The first thing you notice about Leah is she is a no-spin zone - the good kind. Ask a question and she gives you a straight and honest answer. It's a reflection of her years in the industry reading and evaluating scripts. But more than that, it's a true reflection of an industry pro; someone who has seen what being disingenuous can lead to - unrealistic expectations and misunderstandings that becomes heartache and heartbreak as you try to navigate an industry (Hollywood) that you don't understand.
She does understand it oh so well.
The amazing thing about Leah is that this honesty can make some people sound cynical and mean-spirited and Leah is nothing of the sort. She is open, always smiling, always ready to give someone a great tip. That was abundantly clear at our event before, during and after. (more after the jump - hit CONTINUED below)
WE LOVED HER!
Our group on Saturday at the Claim Jumper in Fountain Valley loved her like she was a puppy - only we were the ones who wanted to lick her face. Uh, well, okay maybe not that (sorry, Leah) but you get my meaning I hope; we just adored her.
Leah's presentation involved a slide show that she used as a starting point to reflect her insider knowledge about how a script works best. And she was spot-on with her insights. The odd thing - or perhaps not so odd considering her scope - is that Leah doesn't write scripts. She's gained these insights and concepts from reading, evaluating and finding the (real) threads of stories over a career that started at Imagine Entertainment (Ron Howard's company) and continues into many and varied production companies today.
The really fun thing was she analogized the trinity of what a script needs to cooking. Called the mirepoix (in cooking) it involved a ven diagram of what every script should do. It was fantastic to hear it put that way and to see the sense it made.
Rather than cover in detail what Leah said in this first part of her presentation I will put up her PPT (see below) that she generously provided.
Once Leah did an hour-long lecture, we broke for lunch and then came back to get Leah's insights into our story pitches. She listened, considered and then went right to the core of what worked and didn't. She asked questions and shaped the pitches into incisive loglines that any producer would resonate to.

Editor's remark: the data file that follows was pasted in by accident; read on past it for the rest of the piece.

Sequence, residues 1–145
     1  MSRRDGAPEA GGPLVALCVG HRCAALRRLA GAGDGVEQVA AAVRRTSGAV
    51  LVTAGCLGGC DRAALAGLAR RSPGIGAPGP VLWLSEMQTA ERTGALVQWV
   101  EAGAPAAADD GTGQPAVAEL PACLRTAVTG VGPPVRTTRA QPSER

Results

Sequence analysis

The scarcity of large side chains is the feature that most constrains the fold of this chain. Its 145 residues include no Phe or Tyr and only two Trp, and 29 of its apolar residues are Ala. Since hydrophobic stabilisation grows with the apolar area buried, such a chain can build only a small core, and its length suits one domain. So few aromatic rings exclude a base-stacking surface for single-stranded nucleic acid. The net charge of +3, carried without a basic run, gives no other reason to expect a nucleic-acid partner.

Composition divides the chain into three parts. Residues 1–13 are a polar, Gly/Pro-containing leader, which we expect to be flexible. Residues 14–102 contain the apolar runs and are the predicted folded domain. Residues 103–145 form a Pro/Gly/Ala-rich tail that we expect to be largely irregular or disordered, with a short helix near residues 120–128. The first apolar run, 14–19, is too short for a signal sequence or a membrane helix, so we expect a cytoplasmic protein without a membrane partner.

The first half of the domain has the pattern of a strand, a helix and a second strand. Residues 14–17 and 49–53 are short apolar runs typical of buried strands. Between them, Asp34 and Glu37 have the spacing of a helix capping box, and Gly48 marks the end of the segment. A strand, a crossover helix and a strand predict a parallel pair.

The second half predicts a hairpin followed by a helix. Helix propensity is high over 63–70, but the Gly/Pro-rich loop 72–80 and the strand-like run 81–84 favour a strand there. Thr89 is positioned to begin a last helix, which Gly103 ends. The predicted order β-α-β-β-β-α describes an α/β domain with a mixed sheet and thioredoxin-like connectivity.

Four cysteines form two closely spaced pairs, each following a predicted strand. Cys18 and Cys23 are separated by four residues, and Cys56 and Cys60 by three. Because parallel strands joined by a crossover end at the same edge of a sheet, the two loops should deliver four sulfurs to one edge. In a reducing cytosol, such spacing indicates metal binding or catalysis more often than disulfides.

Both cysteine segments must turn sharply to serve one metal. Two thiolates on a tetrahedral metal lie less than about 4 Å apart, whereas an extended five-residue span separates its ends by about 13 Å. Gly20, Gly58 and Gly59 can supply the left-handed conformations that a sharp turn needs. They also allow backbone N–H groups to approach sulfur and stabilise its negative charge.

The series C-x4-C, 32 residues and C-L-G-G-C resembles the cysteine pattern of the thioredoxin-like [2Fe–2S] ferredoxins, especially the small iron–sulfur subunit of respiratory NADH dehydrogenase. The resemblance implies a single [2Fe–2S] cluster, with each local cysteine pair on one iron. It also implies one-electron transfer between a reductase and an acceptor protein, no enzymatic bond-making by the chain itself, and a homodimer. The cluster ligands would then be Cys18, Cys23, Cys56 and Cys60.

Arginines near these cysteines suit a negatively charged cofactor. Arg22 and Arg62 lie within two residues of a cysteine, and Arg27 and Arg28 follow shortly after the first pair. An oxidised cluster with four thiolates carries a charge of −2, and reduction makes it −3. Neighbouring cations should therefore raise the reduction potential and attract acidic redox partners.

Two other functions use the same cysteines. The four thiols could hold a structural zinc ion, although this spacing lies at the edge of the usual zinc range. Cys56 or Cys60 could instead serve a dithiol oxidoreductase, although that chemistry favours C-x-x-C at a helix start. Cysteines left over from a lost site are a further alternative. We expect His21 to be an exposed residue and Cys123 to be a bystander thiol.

Honestly, it was incredible to see how masterfully (and effortlessly) she did this. I have been in the business for more than two decades and I was astounded at how good she was.
Her answers to some of the questions she got were equally masterfully handled. If you've ever been involved with someone who knows something cold, you can understand how we all felt. It was like she just picked us up and carried us easily over the treacherous ground of the quicksand of our story lines that become muddled as we try to express them in brief. A master of her craft indeed - like a maestro flawlessly performing a difficult Beethoven piano sonata both hands flying over the keys to make gorgeous music.
We hope (pray) that she will agree to come back in 2017 - I for one cannot wait.
In addition to our wonderful speaker I'd like to acknowledge the OC Screenwriters board of directors who made the event work without any issues. And the staff and administration at Claim Jumper who always provide incredible service.
We would also like to tip our hats to Final Draft who gave us two licensees to give away during the event.
All in all, this was a fantastic morning/afternoon and the buzz is still resonating with us all.
Thanks to SCWA and everyone who attended.
See you all again...soon!
Thanks to Robert Rollins for the photos.
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